Bloomberg hits Chicago to pitch jobs plan, blast Trump’s ‘empty promises,’ woo Lightfoot

Bloomberg met with Mayor Lori Lightfoot for about 45 minutes at a Chicago hotel, according to his campaign manager. A handful of other Democratic presidential hopefuls have already met with Lightfoot, seeking her support.

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Democratic presidential candidate Mike Bloomberg, former mayor of New York City, speaks during a rally at Olive-Harvey College on the Far South Side, Wednesday morning, Jan. 8, 2020.

Democratic presidential candidate Mike Bloomberg, former mayor of New York City, speaks during a rally at Olive-Harvey College on the Far South Side, Wednesday morning, Jan. 8, 2020.

Ashlee Rezin Garcia/Sun-Times

Democratic presidential candidate Mike Bloomberg came to Chicago Wednesday to pitch a hefty jobs plan and to vow to take President Donald Trump on with his own “all-in” economic fixes.

The former New York City mayor also made a pitch to Mayor Lori Lightfoot, seeking an endorsement from the Chicago Democrat, who has not given any public clues about her preferences in the crowded presidential field.

In a 25-minute speech before supporters at Olive-Harvey College on the Far South Side, the late entrant to an already packed Democratic primary race outlined what he called “candidate Trump’s empty promises,” while also criticizing the president’s handling of Iran.

Iran launched missile strikes late Tuesday against two Iraqi military bases in retaliation for the airstrike that killed Iranian Major General Qassem Soleimani last week.

“In any crisis it’s imperative that the commander-in-chief think through all the implications of his actions or her actions with the help of her or his top advisors to not act irrationally or recklessly, and I certainly hope the president does that. But unfortunately, as we all know, that’s just not his nature,” Bloomberg said of Trump.

The billionaire philanthropist and businessman painted himself as the best candidate to create jobs, with a “concrete strategy for spreading good jobs and good pay to place where they don’t exist now.”

“I think we need to replace Donald Trump. He’s counting on the economy to lift him to victory and he’s hoping to face a career politician who’s never created any jobs,” Bloomberg said. “Well, let me tell you, I’m going to take him on over the economy and I won’t let him get away with selling the American people more empty promises.”

Democratic presidential candidate Mike Bloomberg, former mayor of New York City, greets supporters after speaking at a rally at Olive-Harvey College on the Far South Side, Wednesday morning, Jan. 8, 2020.

Democratic presidential candidate Mike Bloomberg, former mayor of New York City, greets supporters after speaking at a rally at Olive-Harvey College on the Far South Side, Wednesday morning, Jan. 8, 2020.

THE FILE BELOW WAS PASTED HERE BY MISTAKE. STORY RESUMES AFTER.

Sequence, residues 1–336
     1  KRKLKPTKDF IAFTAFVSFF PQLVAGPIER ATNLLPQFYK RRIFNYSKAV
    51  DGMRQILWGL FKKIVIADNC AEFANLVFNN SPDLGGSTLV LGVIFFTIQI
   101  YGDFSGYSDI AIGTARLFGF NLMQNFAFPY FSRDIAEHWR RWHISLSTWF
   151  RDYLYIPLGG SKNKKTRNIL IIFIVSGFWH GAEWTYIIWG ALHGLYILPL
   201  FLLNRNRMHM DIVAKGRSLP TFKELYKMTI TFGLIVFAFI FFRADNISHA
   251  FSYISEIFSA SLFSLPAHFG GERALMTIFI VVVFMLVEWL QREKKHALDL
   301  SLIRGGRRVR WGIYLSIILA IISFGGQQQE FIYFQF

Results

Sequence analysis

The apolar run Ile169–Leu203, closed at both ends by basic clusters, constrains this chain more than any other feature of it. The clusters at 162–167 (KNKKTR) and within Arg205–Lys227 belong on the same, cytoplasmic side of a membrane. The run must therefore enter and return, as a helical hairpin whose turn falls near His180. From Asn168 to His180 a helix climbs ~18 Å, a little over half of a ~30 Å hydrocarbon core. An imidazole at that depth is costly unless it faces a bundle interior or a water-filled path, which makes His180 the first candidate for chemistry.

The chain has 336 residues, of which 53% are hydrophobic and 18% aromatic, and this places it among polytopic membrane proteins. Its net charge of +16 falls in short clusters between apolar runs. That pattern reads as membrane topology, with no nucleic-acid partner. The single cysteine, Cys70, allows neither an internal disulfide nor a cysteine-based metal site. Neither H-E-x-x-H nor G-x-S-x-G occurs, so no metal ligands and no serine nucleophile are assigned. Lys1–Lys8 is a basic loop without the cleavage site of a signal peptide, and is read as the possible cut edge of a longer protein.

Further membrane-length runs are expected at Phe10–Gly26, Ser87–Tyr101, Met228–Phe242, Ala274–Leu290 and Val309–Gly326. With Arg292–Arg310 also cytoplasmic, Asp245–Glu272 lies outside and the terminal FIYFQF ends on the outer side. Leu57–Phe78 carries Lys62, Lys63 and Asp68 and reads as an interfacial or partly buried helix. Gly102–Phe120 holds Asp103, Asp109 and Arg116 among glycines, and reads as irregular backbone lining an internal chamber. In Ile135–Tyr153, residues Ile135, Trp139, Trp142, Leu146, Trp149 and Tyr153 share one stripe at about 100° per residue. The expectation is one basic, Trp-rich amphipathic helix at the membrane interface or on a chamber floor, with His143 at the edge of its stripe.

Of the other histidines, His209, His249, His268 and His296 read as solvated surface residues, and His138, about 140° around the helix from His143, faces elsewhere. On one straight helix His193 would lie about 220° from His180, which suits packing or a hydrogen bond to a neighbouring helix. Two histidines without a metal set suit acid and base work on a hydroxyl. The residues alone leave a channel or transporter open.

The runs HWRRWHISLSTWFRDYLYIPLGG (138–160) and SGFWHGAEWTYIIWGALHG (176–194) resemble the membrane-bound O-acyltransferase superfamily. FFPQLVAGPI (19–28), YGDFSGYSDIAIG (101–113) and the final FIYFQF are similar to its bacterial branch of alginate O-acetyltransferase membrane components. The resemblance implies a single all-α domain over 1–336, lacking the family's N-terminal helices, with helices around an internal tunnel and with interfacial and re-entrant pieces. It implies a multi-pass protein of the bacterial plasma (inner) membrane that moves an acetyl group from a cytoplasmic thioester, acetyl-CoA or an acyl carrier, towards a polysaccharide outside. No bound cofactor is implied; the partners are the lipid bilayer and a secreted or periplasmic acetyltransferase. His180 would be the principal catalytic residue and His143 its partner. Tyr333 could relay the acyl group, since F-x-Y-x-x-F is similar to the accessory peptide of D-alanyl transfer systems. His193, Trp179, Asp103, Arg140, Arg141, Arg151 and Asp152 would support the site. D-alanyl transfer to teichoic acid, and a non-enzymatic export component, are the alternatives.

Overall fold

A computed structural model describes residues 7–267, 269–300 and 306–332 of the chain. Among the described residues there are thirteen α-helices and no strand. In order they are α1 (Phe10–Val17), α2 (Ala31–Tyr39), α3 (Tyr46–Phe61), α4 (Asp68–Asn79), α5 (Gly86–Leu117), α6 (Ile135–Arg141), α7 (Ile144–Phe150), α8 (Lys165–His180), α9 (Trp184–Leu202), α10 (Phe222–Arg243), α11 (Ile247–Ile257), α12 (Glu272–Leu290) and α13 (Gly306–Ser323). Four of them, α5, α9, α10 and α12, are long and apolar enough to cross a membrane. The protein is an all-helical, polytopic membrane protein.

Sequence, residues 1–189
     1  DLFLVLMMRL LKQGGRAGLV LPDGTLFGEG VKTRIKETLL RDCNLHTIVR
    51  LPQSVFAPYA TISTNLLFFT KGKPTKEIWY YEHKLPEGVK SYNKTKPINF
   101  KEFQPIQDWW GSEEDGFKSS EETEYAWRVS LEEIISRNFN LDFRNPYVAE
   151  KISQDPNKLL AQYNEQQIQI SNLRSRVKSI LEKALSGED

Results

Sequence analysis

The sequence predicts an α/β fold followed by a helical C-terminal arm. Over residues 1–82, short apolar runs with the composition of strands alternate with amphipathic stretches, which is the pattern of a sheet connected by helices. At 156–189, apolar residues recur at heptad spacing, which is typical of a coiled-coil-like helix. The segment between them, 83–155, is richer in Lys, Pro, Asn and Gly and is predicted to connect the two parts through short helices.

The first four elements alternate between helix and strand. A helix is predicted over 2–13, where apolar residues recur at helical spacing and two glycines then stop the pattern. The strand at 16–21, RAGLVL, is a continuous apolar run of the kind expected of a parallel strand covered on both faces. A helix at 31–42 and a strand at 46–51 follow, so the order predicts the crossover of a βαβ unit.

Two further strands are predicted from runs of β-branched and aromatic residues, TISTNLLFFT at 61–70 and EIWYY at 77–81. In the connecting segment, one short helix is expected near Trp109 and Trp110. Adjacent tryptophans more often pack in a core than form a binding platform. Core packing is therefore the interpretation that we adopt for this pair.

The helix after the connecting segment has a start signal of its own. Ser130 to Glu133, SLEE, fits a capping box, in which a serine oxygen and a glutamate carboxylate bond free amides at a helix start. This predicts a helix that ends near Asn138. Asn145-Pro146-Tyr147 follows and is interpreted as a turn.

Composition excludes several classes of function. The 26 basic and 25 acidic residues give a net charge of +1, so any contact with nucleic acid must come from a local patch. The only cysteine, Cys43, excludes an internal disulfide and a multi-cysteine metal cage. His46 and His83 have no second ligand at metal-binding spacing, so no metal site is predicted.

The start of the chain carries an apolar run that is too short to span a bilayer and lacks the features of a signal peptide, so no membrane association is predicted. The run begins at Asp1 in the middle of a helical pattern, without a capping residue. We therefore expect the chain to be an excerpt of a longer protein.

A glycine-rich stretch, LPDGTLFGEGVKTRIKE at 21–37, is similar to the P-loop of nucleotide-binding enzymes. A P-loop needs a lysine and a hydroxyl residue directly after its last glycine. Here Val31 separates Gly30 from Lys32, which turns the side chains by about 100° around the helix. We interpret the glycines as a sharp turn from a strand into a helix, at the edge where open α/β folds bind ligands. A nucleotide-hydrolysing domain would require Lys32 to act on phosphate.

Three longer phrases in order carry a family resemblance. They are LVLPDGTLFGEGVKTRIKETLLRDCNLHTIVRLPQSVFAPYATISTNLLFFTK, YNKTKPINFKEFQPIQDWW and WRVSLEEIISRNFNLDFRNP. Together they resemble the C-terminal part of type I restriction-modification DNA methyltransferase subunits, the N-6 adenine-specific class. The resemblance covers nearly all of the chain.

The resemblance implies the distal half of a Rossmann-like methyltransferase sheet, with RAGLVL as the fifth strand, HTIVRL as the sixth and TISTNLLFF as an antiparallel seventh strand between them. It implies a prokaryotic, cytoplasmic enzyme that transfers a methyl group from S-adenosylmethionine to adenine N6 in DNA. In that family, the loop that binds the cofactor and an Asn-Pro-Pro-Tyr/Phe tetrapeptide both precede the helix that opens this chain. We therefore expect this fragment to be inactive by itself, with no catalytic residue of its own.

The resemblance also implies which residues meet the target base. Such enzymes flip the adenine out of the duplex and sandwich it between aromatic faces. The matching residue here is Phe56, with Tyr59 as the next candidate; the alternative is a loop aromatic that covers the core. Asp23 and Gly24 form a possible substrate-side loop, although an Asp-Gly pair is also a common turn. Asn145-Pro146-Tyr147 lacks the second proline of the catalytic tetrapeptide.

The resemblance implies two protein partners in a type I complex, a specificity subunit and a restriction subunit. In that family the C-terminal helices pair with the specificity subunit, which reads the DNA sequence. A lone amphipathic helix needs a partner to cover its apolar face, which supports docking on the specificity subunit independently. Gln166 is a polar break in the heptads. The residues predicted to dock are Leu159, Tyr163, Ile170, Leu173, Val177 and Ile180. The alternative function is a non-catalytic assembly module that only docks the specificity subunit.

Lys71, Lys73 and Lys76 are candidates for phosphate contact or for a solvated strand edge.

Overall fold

Ashlee Rezin Garcia/Sun-Times

Among those “empty promises,” Bloomberg said Trump promised to deliver to the middle-class—yet passed the country’s biggest tax cut that helped to benefit “people who did not need it, like me.”

Bloomberg’s “all-in” economic plan includes raising the minimum wage to $15 an hour and expanding the earned income tax credit and the child tax credit. Bloomberg said while the stock market remains at an all time high, “almost half the country doesn’t own any stocks.” He called that “not fair.”

Bloomberg said his plan starts with a basic premise: “the federal government is grossly underinvesting in America and Americans.” He touted his work in New York City in rebuilding areas that were experiencing industrial declines; focusing on creating jobs in neighborhoods outside of Manhattan and building new infrastructure where it didn’t exist.

Bloomberg said the country must build an “all-in-economy” — where all Americans benefit from good jobs and rising incomes.

“I know we can do that. Why? Because we did it in New York City in the 12 years I was mayor. And I want to help all communities all across the country enjoy it as well. I know how to create jobs and build businesses, not because I played a business leader on a TV show but because I’ve actually been one in real life.”

Bloomberg, the 8th-richest person in the nation, according to Forbes, said his first paycheck was $9,000 a year, a job he held for 15 years before getting fired. He joked that his family didn’t know anyone in the newspaper unless they were in the crime or obituary sections.

Trump is ranked the 275th richest American by Forbes, behind Gov. J.B. Pritzker, who is in the No. 250 spot.

Gov. J.B. Pritzker, left; President Donald Trump, right. File Photos.

Gov. J.B. Pritzker, left; President Donald Trump, right. File Photos.

John L. Alexander/For the Sun-Times; Mandel Ngan/AFP/Getty Images

Bloomberg also traveled to Wells, Minnesota and Akron, Ohio on Wednesday.

Bloomberg met with Mayor Lori Lightfoot for about 45 minutes at a Chicago hotel prior to the Far South Side event, according to his campaign manager Kevin Sheekey. Bloomberg planned to ask Lightfoot for her endorsement, he said.

A handful of other Democratic presidential hopefuls have already met with Lightfoot, seeking her support.

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